Who can genuinely not like them? They are a terra incognita, fresh to be explored, and cultivated. But there is one Virgin in particular that you do not ever want to touch, no matter how horny you are, how sex-deprived and desperate. It is Virgin Media. She might offer you her goods, quite willingly, although at a price - you see, a virgin, and a whore already - and try to reel you in with her goodies. There is the fibre optic cable, thus far a Virgin Media exclusive, that guarantees a stable connection so much more than the quite sketchy phone line. Plus, as an added bonus to the stability, you do not have to pay for a phone line if you do not want it. Oh, so convenient, right? Yes, right up yours.
It is mainly the men who are weak when faced by a virgin, driven by the inexplicable but seemingly natural urge to plunge their face into her beautiful lap. And so it was even with me; heeding none of the online slander I set out and put my credit card on the line: one of those, please! And one of those was supposed to be supplied to me, in approximately eleven days. Oh, the bliss that assuredly awaited me, the comfy and almost ecstatic humming of my computer as the newest episode of an unnamed television series from an unnamed television station in an unnamed country on an unnamed planet slowly made its way to my hard drive…or just the possibility to check my email. Each to his own.
I absolutely forgot we are told by ancient philosophers that life is never that simple, and though I have no idea how they knew about broadband back then, I must concur. A mere two days later I am served with the “Do-Not-Reply-To-This” type of message, wherein I am promptly informed that the time slot I chose for the installation is available no more. Also, I am given a new slot, ten days later and completely at random, devoid of any “are you going to be at home, sir?” or “what different date would suit you best?” clause. And as it turns out, no, I will not be at home at that time, and doubly no, this date does not suit me.
I get back to customer services, asking what all this means, and telling them of the problem I have with the date. No reply. As my dwindling supply of patience slowly runs out and still not a word from the depths of the internet, I march forth on a quest into the dragon’s lair - the local Virgin Media store.
My enquiries are met with blank stares or hostile sneers. These people have issues - maybe that is where Virgin Media’s name comes from, all of their employees look as if they were in desperate need of getting laid. It is explained to me that I need to call customer services, not write to them, which will of course incur a substantial fee, but do not worry, they reassure me, you can ask them to call you back.
I hate automated phone machines. By the time I get through to an operator, I had had to dial more numbers than I wish to recount, and it had taken almost ten minutes. I can vividly picture the blasphemous smile on the operator’s face as he announces that he cannot call me back, sorry. What was it you needed?
By this time, I want to cancel the service and fortunately there is a 28-day satisfaction guarantee attached to Virgin Media’s service, so I tell the operator I want to use that. As a response, he starts psychically blackmailing me. Evidently, I am a complete loser if I leave them, because a) only they provide the Awesome Fibre Optic, b) I will have to wait much much longer before I get any kind of internet c) I will have to pay a phone line, since a), d) I will have to pay buckets of money only to get the phone line installed, and e) I am just a loser, because I will lose all the benefits they offer, related to points a), b), c), and d). No wonder half the population is on anti-depressants. I say I do not care, just cancel the installation date and my service. Sure thing, is his reply, I will.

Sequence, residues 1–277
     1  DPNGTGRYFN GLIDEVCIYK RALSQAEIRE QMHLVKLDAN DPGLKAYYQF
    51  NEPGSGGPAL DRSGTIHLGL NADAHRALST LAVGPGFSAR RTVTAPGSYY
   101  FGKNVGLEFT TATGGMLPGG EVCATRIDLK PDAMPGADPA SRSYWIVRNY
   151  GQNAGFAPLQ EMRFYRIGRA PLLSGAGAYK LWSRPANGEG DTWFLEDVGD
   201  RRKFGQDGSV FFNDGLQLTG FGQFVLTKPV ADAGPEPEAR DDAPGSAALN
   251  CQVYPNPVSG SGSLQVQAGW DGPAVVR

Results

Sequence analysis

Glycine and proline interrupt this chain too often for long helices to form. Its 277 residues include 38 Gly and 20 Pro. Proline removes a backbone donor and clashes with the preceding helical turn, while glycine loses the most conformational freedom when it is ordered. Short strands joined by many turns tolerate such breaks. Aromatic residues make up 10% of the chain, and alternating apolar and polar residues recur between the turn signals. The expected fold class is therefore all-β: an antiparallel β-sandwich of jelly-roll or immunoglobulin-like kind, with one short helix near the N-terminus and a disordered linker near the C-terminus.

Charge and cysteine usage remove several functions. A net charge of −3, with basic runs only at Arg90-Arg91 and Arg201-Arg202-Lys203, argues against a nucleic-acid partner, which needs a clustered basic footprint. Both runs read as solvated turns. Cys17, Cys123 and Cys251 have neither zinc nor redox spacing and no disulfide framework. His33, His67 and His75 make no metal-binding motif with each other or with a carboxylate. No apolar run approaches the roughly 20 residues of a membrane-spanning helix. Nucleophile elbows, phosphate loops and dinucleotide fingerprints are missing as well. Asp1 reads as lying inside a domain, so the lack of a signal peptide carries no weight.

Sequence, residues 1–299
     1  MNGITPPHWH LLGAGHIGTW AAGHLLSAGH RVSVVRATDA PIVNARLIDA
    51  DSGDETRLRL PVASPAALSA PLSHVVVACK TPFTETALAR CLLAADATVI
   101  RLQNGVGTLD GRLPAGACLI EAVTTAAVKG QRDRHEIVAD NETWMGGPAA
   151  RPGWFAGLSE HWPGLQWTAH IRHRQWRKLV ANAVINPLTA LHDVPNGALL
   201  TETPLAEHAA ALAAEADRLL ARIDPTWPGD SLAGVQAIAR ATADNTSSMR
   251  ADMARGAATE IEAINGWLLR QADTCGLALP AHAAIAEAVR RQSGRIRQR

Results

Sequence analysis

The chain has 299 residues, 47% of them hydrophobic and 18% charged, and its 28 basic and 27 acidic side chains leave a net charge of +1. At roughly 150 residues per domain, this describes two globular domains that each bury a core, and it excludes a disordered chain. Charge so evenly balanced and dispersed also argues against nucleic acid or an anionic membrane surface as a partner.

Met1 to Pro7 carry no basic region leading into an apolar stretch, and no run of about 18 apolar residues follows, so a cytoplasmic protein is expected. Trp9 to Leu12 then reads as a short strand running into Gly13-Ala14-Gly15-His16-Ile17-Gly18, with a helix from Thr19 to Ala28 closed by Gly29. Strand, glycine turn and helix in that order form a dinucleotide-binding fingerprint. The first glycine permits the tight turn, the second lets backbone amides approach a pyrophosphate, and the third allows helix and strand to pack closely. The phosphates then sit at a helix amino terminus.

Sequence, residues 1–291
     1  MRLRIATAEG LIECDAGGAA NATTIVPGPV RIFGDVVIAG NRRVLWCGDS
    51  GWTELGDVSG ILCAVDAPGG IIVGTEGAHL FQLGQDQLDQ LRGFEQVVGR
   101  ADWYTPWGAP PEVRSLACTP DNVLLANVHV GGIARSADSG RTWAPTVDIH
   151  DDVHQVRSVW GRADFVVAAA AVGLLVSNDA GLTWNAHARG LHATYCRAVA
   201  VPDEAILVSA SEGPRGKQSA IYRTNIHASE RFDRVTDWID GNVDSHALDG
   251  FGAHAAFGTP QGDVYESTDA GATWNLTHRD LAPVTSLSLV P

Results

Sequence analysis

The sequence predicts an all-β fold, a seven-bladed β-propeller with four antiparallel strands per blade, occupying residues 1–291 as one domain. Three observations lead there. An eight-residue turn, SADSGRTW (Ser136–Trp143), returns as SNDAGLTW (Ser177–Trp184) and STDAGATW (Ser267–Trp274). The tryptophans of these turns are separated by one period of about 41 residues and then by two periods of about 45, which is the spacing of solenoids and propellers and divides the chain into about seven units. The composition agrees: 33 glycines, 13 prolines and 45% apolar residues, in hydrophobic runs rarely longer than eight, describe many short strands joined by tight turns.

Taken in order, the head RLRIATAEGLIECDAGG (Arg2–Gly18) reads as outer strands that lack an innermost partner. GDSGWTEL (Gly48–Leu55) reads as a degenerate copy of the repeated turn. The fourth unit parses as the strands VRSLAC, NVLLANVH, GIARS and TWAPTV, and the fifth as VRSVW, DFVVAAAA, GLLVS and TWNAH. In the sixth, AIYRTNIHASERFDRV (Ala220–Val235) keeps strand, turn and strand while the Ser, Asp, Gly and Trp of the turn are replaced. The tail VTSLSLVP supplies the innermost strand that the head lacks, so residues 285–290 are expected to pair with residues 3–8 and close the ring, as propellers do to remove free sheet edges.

Three days later I receive a bundle in the mail - a router, modem and cables from Virgin Media. “Say hello to your bundle of tricks.” All I can say about their tricks is that they are filthy backstabbing ones. I bite the bullet, still hoping I am in the clear; they simply must have sent this bundle before I called in to cancel. No thank you, more to come. After receiving a letter confirming my direct debit I get really miffed and stride upon stride storm back to the local Virgin Media Store.
Fortunately enough, this time the shop is not full of sleazy guys with sex deficiency syndrome, but is occupied by I must say, rather intelligent people. Even though they repeat the same phrase as last time, “we are just a local shop, we cannot do anything to help you,” they at least let me use their phone and put me through directly to someone who hopefully can. Talking to that person, I find out I in fact did not cancel my service at all when I last called; how that happened and what my actual purpose for calling them was remains a mystery, perhaps forever. Luckily for me, I still have two days left out of my 28-day satisfaction guarantee. Cancel, cancel, cancel. I just hope it goes through this time.
Summarized, you do not want to go through this. Ever. Just go with an alternative, there are plenty out there, and some of them are even a better deal for your money, your nerves notwithstanding.
Myself, I found something that was just a couple pounds more; I have double the connection speed, a working phone line and I did not have to pay any fees for the line installation. Go figure. Was the installation of that service better? Not really. Seemingly it is a real pain in the arse to get broadband internet in Scotland. I am glad I have mine already. Only three months after arriving here. Sounds amazing, do you not think?